OUT THERE is the latest offering from Randal and Oliver Plunkett and Dunsany Productions. In the way WALT seemed to play out as a coming of age story in the opening moments, OUT THERE opens as a meditation on the nature of memory. The thing to keep in mind is that both films are not what they first seem. Discordant and unnerving music playing over joyous and bittersweet moments alike set the tone of the latest offering from Dunsany Productions.
Great camera work again shows how beautiful and isolating nature can be. Good positioning provides for interesting compositions, especially as Robert enters a rundown croft. A generator idles and a disembodied hand lies near an old car. As far as hints of what has gone wrong Plunkett provides very few. This technique provides a blank background that allows the characters to stand out.
Interspersed flashbacks show the relationship between Robert and Jane and begin hinting at the development of a widespread calamity. As Robert frantically tries to find out what has happened during the past few hours his search grows more and more frenzied with the tension only broken by the flashbacks.
Robert enters a nightmarish house while wandering. For me, this is the centerpiece of OUT THERE. So many great horror elements come together in this scene and there is only Marren and a well designed set featured. Esoteric phrases in English and Latin are written on the walls. The largest being written in blood: “The Devil cannot tempt me with what I do not desire.” While a placard above a doorway reads “Extinctus amabitur idem” or “The hated man will be loved after he’s dead.” In addition to the unnerving phrases creaking doors and long slow tracking shots build the tension as the camera slowly reveals the chaotic abattoir filled with blood and viscera. Frenetic edits and tumultuous music build to a crescendo as pounding footsteps move across the upper floor. Robert has seen enough and makes a break for it.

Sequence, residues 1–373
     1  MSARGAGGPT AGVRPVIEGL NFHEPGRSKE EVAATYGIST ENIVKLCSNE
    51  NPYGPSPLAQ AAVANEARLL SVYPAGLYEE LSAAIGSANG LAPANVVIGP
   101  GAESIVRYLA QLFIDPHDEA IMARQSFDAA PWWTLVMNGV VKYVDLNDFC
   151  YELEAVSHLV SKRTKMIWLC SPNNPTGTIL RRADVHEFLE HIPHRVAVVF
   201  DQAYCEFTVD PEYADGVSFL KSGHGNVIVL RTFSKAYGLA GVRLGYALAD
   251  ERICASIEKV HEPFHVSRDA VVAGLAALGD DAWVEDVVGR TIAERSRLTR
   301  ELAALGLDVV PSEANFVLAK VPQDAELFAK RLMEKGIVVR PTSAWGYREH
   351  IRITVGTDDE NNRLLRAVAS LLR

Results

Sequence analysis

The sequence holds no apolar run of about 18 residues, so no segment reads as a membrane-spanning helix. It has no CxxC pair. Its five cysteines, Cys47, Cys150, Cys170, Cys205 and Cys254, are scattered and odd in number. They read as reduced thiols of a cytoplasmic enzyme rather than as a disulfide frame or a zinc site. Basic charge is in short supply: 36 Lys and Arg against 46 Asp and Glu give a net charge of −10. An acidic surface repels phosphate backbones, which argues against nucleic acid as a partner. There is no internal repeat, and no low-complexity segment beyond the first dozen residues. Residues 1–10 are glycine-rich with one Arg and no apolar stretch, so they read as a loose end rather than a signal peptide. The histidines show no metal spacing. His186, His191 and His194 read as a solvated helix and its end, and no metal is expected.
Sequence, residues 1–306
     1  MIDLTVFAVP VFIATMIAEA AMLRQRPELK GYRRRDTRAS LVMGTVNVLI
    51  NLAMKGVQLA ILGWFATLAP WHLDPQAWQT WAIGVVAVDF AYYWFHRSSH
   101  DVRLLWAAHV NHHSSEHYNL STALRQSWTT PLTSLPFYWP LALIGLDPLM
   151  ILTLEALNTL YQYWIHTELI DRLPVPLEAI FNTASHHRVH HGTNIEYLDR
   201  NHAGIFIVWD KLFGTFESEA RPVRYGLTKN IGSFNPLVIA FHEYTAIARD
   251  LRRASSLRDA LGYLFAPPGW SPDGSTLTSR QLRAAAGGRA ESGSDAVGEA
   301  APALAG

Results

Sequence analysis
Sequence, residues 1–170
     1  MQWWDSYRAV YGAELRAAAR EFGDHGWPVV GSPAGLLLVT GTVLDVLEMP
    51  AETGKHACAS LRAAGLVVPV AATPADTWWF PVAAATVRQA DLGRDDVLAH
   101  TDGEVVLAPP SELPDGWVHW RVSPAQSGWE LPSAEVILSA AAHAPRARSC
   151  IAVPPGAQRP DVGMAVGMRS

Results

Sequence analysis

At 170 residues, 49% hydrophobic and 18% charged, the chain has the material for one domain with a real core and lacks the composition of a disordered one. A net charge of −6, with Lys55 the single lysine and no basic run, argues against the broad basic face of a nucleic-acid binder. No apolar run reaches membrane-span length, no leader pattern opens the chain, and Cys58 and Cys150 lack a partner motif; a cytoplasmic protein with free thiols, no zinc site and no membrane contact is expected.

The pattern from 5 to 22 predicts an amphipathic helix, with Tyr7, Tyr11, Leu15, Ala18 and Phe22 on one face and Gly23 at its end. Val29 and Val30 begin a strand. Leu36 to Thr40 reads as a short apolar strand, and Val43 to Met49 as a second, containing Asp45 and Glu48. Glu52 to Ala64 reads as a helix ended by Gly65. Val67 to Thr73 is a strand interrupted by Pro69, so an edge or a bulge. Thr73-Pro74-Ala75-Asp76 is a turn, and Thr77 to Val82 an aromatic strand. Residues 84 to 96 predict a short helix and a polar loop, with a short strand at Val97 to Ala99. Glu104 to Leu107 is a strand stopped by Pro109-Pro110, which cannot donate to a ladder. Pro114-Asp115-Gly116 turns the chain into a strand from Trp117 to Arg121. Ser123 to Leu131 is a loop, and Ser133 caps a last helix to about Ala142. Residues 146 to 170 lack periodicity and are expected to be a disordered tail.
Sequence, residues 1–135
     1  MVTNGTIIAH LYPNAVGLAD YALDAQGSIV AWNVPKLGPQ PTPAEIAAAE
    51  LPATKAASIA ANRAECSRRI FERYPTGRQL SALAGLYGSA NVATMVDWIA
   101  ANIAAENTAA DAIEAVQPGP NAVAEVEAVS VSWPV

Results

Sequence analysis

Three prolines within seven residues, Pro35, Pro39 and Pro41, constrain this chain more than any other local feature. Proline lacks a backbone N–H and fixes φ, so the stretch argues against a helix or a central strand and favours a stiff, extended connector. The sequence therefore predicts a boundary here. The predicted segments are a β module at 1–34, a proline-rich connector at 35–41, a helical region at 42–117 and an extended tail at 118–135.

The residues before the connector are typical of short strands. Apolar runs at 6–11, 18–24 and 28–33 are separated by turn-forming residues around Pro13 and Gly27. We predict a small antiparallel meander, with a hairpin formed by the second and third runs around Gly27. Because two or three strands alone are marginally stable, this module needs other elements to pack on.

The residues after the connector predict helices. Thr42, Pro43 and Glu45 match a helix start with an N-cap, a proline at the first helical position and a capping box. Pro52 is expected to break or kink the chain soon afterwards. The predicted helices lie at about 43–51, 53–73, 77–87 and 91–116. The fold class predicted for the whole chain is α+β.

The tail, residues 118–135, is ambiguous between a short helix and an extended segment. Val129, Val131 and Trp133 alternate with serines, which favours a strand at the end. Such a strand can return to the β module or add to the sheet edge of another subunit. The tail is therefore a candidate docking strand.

Robert eventually finds his car and is suddenly overcome as he remembers what had happened. In an instant the viewer stops seeing Robert as a sympathetic character and soon after the realization sets in the film ends.
OUT THERE has provided a thoughtful entry into the zombie subgenre of horror. Like DEAD WEIGHT it has succeeded doing so with not only a minimum of zombies. Unlike any other though it does so with a main cast mostly made up of the protagonist. Instead of worrying about other human survivors and zombies Robert has to deal with nature and himself. With minimal dialogue the viewer is given enough information of what has happened and the ensuing confusion.
The technical production is solid. Good editing, great sound, practical effects and music. The cinematography is top notch too. This movie really hinges on the performance of the lead, Connor Marren, and he delivers. Confusion, anguish and fear all shine through as he races to recover his memory. In addition to Marren the supporting cast perform admirably though most are silent. Emma Eliza Regan is convincing as Jane and the familiar face of Cian Lavelle-Walsh will be readily apparent to those who have seen WALT. Even through heavy make-up.
Look for OUT THERE to cut a bit of a swath through the festivals. It is another solid offering from Dunsany Productions.